1970 NBA Finals: New York 4, L.A. Lakers 3
Gutsy Reed Rallies Knicks in Game 7
At 6-foot-9 and 235 pounds, New York Knicks center Willis Reed was a big man, but not quite big enough to dominate the NBA merely with his size. Instead, he used his hunger for winning.
After years of domination by Bill Russell and the Boston Celtics, the championship was up for grabs in 1970. Russell had retired and Boston's fortunes fell with his leaving. As a result, a lot of NBA teams rushed for the open seat at the head of the table.
The 1969-70 Knicks epitomized pro basketball at its best. They didn't have a dominating player -- just a bunch of guys with guts and a coach who taught them to believe in defense.
After five years in the NBA, Reed's time had come. First, he was named the MVP of the All-Star Game. Later that spring he was voted the league MVP. He capped that by picking up the MVP Award in the Finals, becoming the first player to capture all three honors in a single season.
New York stepped up to face the Lakers in the NBA Finals. It had been an up-and-down year in Los Angeles. Butch van Breda Kolff was out as coach, replaced by Joe Mullaney, a veteran from Providence College.
Wilt Chamberlain, now 33 years old, had suffered a knee injury nine games into the season and appeared to be lost for the year. But as the playoffs neared he announced his intention to return, a move that surprised even his doctors. He played the final three games of the regular season and was enough of a force to help the Lakers thrive in the Western Division playoffs. They had finished in second place in the regular season behind the Atlanta Hawks and "Sweet" Lou Hudson, but with Chamberlain the Lakers swept Atlanta in the division finals.
Despite that win and the Lakers' overwhelming edge in playoff experience, oddsmakers favored the Knicks in the Finals. Game 1 showed why. New York opened a quick lead and pumped it up to 50-30, but the Knicks coasted a little too much in the second half and lost the lead late in the game. But the Knicks turned up their defense with guard Mike Riordan in the game. With Cazzie Russell scoring frequently they blew by Los Angeles rather easily over the last eight minutes to win 124-112. Reed finished with 37 points, 16 rebounds and five assists.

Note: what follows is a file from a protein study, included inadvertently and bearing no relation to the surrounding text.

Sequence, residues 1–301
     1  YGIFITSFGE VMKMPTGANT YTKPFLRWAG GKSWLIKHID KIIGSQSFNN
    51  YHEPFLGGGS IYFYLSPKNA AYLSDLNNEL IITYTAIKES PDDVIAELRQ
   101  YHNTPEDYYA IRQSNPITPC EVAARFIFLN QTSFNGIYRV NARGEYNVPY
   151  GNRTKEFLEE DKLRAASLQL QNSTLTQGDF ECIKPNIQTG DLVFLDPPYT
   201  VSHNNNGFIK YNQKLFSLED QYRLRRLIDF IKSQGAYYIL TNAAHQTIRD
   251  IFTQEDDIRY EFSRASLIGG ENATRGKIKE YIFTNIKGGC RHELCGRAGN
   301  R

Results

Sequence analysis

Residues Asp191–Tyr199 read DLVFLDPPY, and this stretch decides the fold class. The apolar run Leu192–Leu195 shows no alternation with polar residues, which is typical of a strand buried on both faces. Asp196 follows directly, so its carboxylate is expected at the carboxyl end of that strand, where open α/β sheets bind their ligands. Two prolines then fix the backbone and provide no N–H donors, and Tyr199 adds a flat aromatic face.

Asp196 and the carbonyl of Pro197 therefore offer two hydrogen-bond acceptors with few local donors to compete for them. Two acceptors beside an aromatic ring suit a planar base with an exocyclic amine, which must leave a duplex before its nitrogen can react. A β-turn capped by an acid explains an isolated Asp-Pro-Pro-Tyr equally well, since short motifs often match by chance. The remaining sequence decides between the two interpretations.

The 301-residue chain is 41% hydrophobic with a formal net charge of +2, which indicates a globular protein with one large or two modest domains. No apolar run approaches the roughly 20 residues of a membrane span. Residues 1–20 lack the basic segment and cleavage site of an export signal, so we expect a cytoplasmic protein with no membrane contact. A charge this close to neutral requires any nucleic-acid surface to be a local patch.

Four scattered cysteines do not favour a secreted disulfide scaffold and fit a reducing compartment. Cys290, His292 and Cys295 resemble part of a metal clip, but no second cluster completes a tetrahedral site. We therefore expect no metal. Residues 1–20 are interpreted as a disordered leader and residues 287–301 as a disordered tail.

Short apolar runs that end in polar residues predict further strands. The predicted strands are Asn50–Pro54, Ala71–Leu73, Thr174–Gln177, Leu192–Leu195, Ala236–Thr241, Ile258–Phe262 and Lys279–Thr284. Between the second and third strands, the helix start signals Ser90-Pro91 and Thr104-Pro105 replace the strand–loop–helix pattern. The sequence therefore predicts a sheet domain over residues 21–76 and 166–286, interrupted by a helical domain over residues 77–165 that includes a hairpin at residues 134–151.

For Game 2 the scenario was somewhat reversed. It was the Lakers who got the early lead, then struggled to keep it at the end. As promised, Chamberlain was much more active on defense. But with a minute left, Walt Frazier scored to tie it at 103 apiece. Then Riordan fouled West, who made two free throws at the 46-second mark.
Trailing 105-103, the Knicks got one last possession with 22 seconds left, but Chamberlain blocked Reed's shot. The Lakers held on to even the series.
Back home for Game 3 on April 29, the Lakers rolled out to a 56-42 halftime lead. But the Knicks abruptly reversed the momentum in the third period. Dave DeBusschere and Dick Barnett started dropping shots in from the perimeter, setting off a run that allowed New York to tie it at 96 apiece with two minutes left. Reed hit a free throw a minute later to give the Knicks the lead, 98-97. West knocked down a jumper from 19 feet at the 38-second mark to get the Lakers back up, then Barnett returned the favor at 18 seconds.
Los Angeles called time to set up a play, but when the action resumed, Barnett did the smart thing -- he fouled Wilt, who shot 45 percent from the line for the season. Chamberlain managed to make the second of two free throws, and the score was tied at 100 apiece with 13 seconds to go.
The Knicks' play called for DeBusschere to set a pick for Bill Bradley to take an open jumper. "Dollar Bill" couldn't get open, so DeBusschere took a pass from Frazier, used a head fake and dropped in a neat little jumper, making it 102-100, Knicks. There were three seconds left, but the Lakers were out of timeouts.